The two most enduring achievements of the Mayas were their calendar and their writing system. Neither of these was original, but both were more efficient than those of earlier Mesoamerican peoples. The Mayas perfected a solar calendar with eighteen months of 20 days each and a five-day period for religious festivals. Using an ingenious cyclical system of notation known as the "long count," they were able to date events of the distant past for accurate record-keeping and astronomical observations. Their notational mathematics, based on 20 rather than 10 in the current decimal system, employed combinations of dots and bars, in vertical sequences, to indicate numbers above 20. For non-numerical records, they combined pictographic and glyphic symbols, which have only recently been partially deciphered.
Their remarkable accomplishments in mathematics, astronomy, and writing were more than matched by their truly magnificent art and architecture. The plaza of each Mayan community was marked by at least one pyramid, topped by a temple. With their terraced sides and horizontal lines, these buildings demonstrated a prevailing sense of proportion. The highly stylized sculpture which decorated their terraces is regarded by some authorities as the world's finest, even though
Mayan sculptors accomplished their intricate carving with
only stone tools. The Mayas also developed mural painting to a high art. Even their lesser arts, such as weaving, ceramics, and jewelry making, reveal aesthetic sense, sublety of design, and manipulative skills superior to artistic creations in many other high civilizations.
The Maya of Mesoamerica, along with the Aztecs of Mexico and the Incas of Peru, made up the high civilizations of the American Indians at the time of the Spanish conquest. Both the Aztecs and the Incas were late empires (about AD 1300-1533), capstones of a sequence of civilizations in Central Mexico and the Andes in South America, respectively. But the Maya of Yucatan and Guatemala exhibited a cultural continuity spanning more than 2,000 years (1000 BC-AD 1542), and many aspects of their culture continue to the present.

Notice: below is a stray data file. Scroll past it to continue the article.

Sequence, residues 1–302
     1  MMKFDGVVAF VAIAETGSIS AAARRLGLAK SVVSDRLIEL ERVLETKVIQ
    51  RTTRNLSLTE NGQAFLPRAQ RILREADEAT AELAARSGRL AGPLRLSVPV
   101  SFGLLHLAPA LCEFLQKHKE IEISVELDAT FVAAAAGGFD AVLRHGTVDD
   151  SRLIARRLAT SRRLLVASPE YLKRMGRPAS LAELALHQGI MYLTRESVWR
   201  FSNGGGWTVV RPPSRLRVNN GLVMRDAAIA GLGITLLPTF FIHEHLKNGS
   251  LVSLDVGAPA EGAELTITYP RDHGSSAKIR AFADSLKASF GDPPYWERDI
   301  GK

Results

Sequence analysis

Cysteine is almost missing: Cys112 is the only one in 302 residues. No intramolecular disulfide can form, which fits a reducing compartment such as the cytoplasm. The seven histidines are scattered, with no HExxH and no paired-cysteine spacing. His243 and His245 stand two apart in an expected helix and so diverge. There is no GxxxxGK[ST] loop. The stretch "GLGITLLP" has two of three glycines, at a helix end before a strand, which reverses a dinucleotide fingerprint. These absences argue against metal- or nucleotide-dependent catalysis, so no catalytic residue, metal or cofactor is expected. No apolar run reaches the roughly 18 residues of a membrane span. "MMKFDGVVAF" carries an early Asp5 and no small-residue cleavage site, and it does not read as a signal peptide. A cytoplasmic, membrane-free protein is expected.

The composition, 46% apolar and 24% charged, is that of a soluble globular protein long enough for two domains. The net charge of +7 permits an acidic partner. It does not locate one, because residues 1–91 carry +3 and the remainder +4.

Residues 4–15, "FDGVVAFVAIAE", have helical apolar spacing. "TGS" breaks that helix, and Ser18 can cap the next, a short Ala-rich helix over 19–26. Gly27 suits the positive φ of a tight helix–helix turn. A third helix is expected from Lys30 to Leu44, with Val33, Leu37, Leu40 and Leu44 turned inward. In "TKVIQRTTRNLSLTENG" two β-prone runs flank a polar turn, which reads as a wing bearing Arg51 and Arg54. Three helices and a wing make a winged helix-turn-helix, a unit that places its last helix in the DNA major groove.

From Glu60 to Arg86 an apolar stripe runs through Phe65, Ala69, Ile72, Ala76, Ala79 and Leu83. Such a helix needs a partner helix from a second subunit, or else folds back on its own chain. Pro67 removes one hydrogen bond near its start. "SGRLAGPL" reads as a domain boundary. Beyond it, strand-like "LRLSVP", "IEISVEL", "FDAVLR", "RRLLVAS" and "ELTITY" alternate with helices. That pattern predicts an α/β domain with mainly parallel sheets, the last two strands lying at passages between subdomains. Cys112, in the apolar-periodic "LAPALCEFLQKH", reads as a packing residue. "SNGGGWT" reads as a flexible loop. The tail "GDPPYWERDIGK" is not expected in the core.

Mesoamerica had three major time periods: preclassic (2000 BC-AD 300), classic (300-900), and postclassic (900-1500). During the six centuries of the classic period the Mayan civilization flourished first in the forests of the Peten in Guatemala and adjacent areas--creating such cities as Tikal, Uaxactun, Quirigua, Copan, and Palenque--and then in the semiarid scrublands of northern Yucatan--constructing such pilgrimage centers as Uxmal, Kabah, Sayil, Labna, Etzna, Old Chichen, and Coba.
The post classic period in Yucatan was marked by the invasion of the Toltecs from Central Mexico and the establishment of their control at Chichen Itza (987-1200). Later the coastal trading town of Tulum grew in significance following the decline of military leagues led by Mayapan. Pyramids and temples were built in more than 40 cities, each with a population of about 20,000 people. The Spanish conquest by Francisco de Montejo, whose house still stands on the central plaza in the capital of Merida, completed the downfall of the Mayan civilization in 1542.
The Maya located in the highlands lived in a third type of physical environment--the volcanic mountains and intermontane valleys of Guatemala. Kaminaljuyu arose as a notable urban center in the classic period, much influenced by Teotihuacan in Central Mexico. The region was harshly conquered by Pedro de Alvarado in 1524 after the submission of Tenochtitlan, the Aztec capital. The myths and traditions of the past are preserved in the Popul Vuh, the sacred book of the Quiche Maya, and the customs of the ancient Maya can still be observed in Quetzaltenango and Chichicastenango near Lake Atitlan. The Maya are a most resilient people.
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